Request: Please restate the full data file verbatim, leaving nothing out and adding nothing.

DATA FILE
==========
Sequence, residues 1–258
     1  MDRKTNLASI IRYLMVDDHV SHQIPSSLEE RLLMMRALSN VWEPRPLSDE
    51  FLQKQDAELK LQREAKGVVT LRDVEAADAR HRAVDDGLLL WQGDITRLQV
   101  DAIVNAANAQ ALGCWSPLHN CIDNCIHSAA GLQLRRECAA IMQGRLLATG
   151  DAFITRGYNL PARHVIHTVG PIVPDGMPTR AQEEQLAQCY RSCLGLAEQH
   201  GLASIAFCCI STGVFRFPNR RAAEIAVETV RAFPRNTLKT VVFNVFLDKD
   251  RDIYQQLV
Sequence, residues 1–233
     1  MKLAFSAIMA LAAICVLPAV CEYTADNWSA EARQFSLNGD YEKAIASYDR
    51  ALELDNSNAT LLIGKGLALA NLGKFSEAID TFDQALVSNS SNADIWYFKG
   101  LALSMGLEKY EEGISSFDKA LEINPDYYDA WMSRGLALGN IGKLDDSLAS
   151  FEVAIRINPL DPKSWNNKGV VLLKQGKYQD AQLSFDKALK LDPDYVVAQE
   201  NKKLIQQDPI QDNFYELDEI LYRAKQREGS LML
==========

Sequence, residues 1–258
     1  MDRKTNLASI IRYLMVDDHV SHQIPSSLEE RLLMMRALSN VWEPRPLSDE
    51  FLQKQDAELK LQREAKGVVT LRDVEAADAR HRAVDDGLLL WQGDITRLQV
   101  DAIVNAANAQ ALGCWSPLHN CIDNCIHSAA GLQLRRECAA IMQGRLLATG
   151  DAFITRGYNL PARHVIHTVG PIVPDGMPTR AQEEQLAQCY RSCLGLAEQH
   201  GLASIAFCCI STGVFRFPNR RAAEIAVETV RAFPRNTLKT VVFNVFLDKD
   251  RDIYQQLV
Sequence, residues 1–233
     1  MKLAFSAIMA LAAICVLPAV CEYTADNWSA EARQFSLNGD YEKAIASYDR
    51  ALELDNSNAT LLIGKGLALA NLGKFSEAID TFDQALVSNS SNADIWYFKG
   101  LALSMGLEKY EEGISSFDKA LEINPDYYDA WMSRGLALGN IGKLDDSLAS
   151  FEVAIRINPL DPKSWNNKGV VLLKQGKYQD AQLSFDKALK LDPDYVVAQE
   201  NKKLIQQDPI QDNFYELDEI LYRAKQREGS LML